Effects of work values on job choice decisions

Effects of work values on job choice decisions,10.1037//0021-9010.77.3.261,Journal of Applied Psychology,Timothy A. Judge,Robert D. Bretz

Effects of work values on job choice decisions   (Citations: 208)
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Work values have been receiving increased research attention. Ravlin, Meglino, and their asso- ciates have recently conceptualized and provided measurement of work values. Although the effects of work values on job satisfaction, commitment, and individual decision making have been studied, work values have not been explicitly linked to job choice decisions. Using a sample of professional degree students and a policy-capturing design, we examined the influence of organiza- tional work values on job choice in the context of job attributes that have been shown to affect this decision process. Organizational work values significantly affected job choice decisions. Individ- uals were more likely to choose jobs whose value content was similar to their own value orientation. Values are intrinsic, enduring perspectives of what is funda- mentally right or wrong (Rokeach, 1973). Work values repre- sent these perspectives as applied to work settings. England (1967) suggested that individual value orientations affect how people behave on their jobs by demonstrating that managers with strong value orientations tended to act in accordance with what they thought was "right," whereas managers with more pragmatic orientations tended to behave in ways that they thought were "successful." Among individual work values, the work ethic (the belief that work is desirable and rewarding in its own right; Weber, 1958) has received considerable research at- tention (e.g., Wollack, Goodale, Wijting, & Smith, 1971), and some have suggested that a deteriorating work ethic has nega- tively affected both the way people feel about their jobs and their commitment to their organizations (Spence, 1985). How- ever, in addition to the work ethic, other individual value orien- tations have been applied to work settings. For example, Corne- lius, Ullman, Meglino, Czajka, and McNeely (1985) used a criti- cal incident technique to elicit the work values of almost 1,000 employees in a variety of organizations. Subsequent work by Ravlin and Meglino (1987) revealed that achievement, concern for others, honesty, and fairness were the most salient work values to individuals. Achievement is descriptive of concern for the advancement of one's career and might be operationalized by willingness to work hard, seeking opportunities to learn new skills, taking on additional responsibilities, or sacrificing personal gratification for work-related objectives. Concern for others is descriptive of a caring, compassionate demeanor and might be operationa- lized by helping others perform difficult jobs, encouraging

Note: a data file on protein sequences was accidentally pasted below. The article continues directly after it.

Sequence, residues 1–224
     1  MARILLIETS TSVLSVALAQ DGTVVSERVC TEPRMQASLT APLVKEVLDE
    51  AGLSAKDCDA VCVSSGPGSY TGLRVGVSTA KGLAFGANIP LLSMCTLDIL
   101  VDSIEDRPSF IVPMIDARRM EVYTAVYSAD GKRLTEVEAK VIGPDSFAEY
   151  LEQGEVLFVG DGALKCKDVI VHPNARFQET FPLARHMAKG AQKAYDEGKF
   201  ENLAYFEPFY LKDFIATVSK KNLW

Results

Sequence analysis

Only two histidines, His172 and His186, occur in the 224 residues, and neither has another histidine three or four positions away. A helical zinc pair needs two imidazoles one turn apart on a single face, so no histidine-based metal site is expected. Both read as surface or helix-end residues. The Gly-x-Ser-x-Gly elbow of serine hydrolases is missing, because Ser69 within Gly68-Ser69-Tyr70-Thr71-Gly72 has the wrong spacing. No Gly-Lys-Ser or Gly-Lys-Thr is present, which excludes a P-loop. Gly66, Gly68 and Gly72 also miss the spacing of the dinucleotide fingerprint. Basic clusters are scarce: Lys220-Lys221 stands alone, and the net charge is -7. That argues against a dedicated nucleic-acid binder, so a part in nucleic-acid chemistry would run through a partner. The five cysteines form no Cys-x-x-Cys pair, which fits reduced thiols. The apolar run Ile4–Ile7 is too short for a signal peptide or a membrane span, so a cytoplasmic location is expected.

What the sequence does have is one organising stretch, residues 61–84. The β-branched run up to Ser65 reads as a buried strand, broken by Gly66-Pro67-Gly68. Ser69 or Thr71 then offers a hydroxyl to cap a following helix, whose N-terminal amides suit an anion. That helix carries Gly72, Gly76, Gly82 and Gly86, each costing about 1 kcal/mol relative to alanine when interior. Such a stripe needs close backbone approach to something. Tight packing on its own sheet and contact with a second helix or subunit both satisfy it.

Journal: Journal of Applied Psychology - J APPL PSYCHOL , vol. 77, no. 3, pp. 261-271, 1992
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